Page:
The movement of huge amounts of cargo, as well as passengers, in and out of U.S. waters and sometimes over the oceans depends on workers in water transportation occupations, also known as merchant mariners. They operate and maintain civilian-owned deep-sea merchant ships, tugboats, towboats, ferries, barges, offshore supply vessels, cruise ships, and other waterborne craft on the oceans, the Great Lakes, rivers, canals, and other waterways, as well as in harbors.
Captains, mates, and pilots of water vessels operating on domestic waterways or on U.S.-flagged deep sea ships command or supervise the operations of these ships and water vessels. Captains or masters are in overall command of the operation of a vessel, and they supervise the work of all other officers and crew. Together with their department heads, captains ensure that proper procedures and safety practices are followed, check to make sure that machinery and equipment are in good working order, and oversee the loading and discharging of cargo or passengers. They also maintain logs and other records tracking the ships' movements, efforts at controlling pollution, and cargo and passengers carried.
Deck officers or mates direct the routine operation of the vessel for the captain during the shifts when they are on watch. On smaller vessels, there may be only one mate (called a pilot on some inland towing vessels), who alternates watches with the captain. The mate would assume command of the ship if the captain became incapacitated. When more than one mate is necessary aboard a ship, they typically are designated chief mate or first mate, second mate, third mate, etc. Mates also supervise and coordinate activities of the crew aboard the ship.
Captains and mates determine the course and speed of the vessel, maneuvering to avoid hazards and continuously monitoring the vessel's position with charts and navigational aids. Captains and mates oversee crew members who steer the vessel, determine its location, operate engines, communicate with other vessels, perform maintenance, handle lines, and operate equipment on the vessel. They inspect the cargo holds during loading to ensure that the load is stowed according to specifications and regulations. Captains and mates also supervise crew members engaged in maintenance and the primary upkeep of the vessel.
Pilots guide ships in and out of harbors, through straits, and on rivers and other confined waterways where a familiarity with local water depths, winds, tides, currents, and hazards such as reefs and shoals are of prime importance. Pilots on river and canal vessels usually are regular crew members, like mates. Harbor pilots are generally independent contractors who accompany vessels while they enter or leave port. Harbor pilots may pilot many ships in a single day.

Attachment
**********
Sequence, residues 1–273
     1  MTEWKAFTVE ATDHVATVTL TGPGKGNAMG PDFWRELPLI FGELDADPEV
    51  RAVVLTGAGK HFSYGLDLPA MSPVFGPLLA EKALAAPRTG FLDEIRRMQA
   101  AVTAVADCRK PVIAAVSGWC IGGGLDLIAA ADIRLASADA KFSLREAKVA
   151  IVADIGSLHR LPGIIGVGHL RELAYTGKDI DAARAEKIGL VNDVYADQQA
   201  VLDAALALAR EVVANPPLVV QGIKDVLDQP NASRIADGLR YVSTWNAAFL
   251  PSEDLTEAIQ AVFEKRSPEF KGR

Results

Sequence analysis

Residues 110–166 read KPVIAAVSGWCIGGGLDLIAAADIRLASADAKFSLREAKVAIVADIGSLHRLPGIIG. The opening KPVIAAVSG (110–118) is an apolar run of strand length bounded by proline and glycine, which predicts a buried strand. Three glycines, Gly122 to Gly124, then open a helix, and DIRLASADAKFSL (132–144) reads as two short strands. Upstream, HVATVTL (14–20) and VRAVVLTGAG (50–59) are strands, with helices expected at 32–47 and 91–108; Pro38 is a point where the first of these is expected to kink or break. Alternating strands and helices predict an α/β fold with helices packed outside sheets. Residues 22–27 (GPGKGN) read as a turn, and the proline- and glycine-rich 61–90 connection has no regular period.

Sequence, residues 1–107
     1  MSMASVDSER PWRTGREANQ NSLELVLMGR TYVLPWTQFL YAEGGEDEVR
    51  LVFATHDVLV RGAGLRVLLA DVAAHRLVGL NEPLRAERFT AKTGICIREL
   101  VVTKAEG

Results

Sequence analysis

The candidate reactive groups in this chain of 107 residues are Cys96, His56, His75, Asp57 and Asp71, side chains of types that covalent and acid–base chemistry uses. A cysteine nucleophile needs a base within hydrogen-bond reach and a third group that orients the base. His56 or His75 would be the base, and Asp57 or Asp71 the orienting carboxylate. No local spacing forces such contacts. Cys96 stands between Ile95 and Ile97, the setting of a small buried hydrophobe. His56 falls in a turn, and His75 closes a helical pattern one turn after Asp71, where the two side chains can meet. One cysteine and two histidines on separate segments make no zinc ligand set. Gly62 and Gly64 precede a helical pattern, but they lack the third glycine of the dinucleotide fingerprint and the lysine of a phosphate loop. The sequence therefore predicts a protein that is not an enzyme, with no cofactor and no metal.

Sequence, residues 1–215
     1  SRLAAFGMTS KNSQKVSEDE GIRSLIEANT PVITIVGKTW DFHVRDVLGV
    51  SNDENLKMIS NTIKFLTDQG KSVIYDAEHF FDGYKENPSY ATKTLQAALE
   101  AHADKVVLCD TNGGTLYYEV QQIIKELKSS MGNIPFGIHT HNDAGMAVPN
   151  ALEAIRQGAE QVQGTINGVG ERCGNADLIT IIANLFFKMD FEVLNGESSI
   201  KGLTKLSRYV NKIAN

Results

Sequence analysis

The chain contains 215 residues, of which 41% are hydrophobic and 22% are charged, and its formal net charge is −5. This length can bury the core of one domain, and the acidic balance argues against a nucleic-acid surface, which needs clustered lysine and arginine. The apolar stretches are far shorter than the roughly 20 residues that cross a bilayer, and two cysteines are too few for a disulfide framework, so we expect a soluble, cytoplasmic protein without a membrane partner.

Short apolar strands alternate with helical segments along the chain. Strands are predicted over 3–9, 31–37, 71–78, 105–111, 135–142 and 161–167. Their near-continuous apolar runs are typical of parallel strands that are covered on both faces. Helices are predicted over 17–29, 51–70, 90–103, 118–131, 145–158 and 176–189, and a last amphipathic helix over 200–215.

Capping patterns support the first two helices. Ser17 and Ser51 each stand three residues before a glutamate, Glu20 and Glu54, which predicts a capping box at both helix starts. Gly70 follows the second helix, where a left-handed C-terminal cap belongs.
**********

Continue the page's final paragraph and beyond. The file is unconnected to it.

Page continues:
Ship engineers operate, maintain, and repair propulsion engines, boilers, generators, pumps, and other machinery. Merchant marine vessels usually have four engineering officers: A chief engineer and a first, second, and third assistant engineer. Assistant engineers stand periodic watches, overseeing the safe operation of engines and machinery.
Marine oilers and more experienced qualified members of the engine department, or QMEDs, assist the engineers to maintain the vessel in proper running order in the engine spaces below decks. These workers lubricate gears, shafts, bearings, and other moving parts of engines and motors; read pressure and temperature gauges; record data; and sometimes assist with repairs and adjust machinery.
Sailors or deckhands operate the vessel and its deck equipment under the direction of the ship's officers and keep the nonengineering areas in good condition. They stand watch, looking out for other vessels and obstructions in the ship's path, as well as for navigational aids such as buoys and lighthouses. They also steer the ship, measure water depth in shallow water, and maintain and operate deck equipment such as lifeboats, anchors, and cargo-handling gear. When docking or departing, they handle lines. They also perform routine maintenance chores, such as repairing lines, chipping rust, and painting and cleaning decks or other areas. On vessels handling liquid cargo, mariners designated as pumpmen hook up hoses, operate pumps, and clean tanks; on tugboats or tow vessels, they tie barges together into tow units, inspect them periodically, and disconnect them when the destination is reached. Experienced sailors are designated able seamen on oceangoing vessels, but may be called simply deckhands on inland waters; larger vessels usually have a boatswain, or head seaman.
A typical deep-sea merchant ship has a captain, three deck officers or mates, a chief engineer and three assistant engineers, plus six or more seamen, such as able seamen, oilers, QMEDs, and a cook. The size and service of the ship determine the number of crewmembers for a particular voyage. Small vessels operating in harbors, on rivers, or along the coast may have a crew comprising only a captain and one deckhand. On smaller vessels the cooking responsibilities usually fall under the deckhands' duties.
On larger coastal ships, the crew may include a captain, a mate or pilot, an engineer, and seven or eight seamen. Unlicensed positions on a large ship may include a full-time cook, an electrician, and machinery mechanics. Some ships may have special unlicensed positions for entry-level apprentice trainees.
Motorboat operators operate small, motor-driven boats that carry six or fewer passengers. They may operate fishing charters, serve as liaisons between ships or between ship and shore, or perform area patrol.
Water transportation workers' schedules vary based upon the type of ship and length of voyage. While on the water, crews are normally on duty for half of the day, 7 days a week.
Merchant mariners on survey and long distance cargo vessels can spend extended periods at sea. Most deep-sea mariners are hired for one or more voyages that last for several months; there is no job security after that. The length of time between voyages varies depending on job availability and personal preference.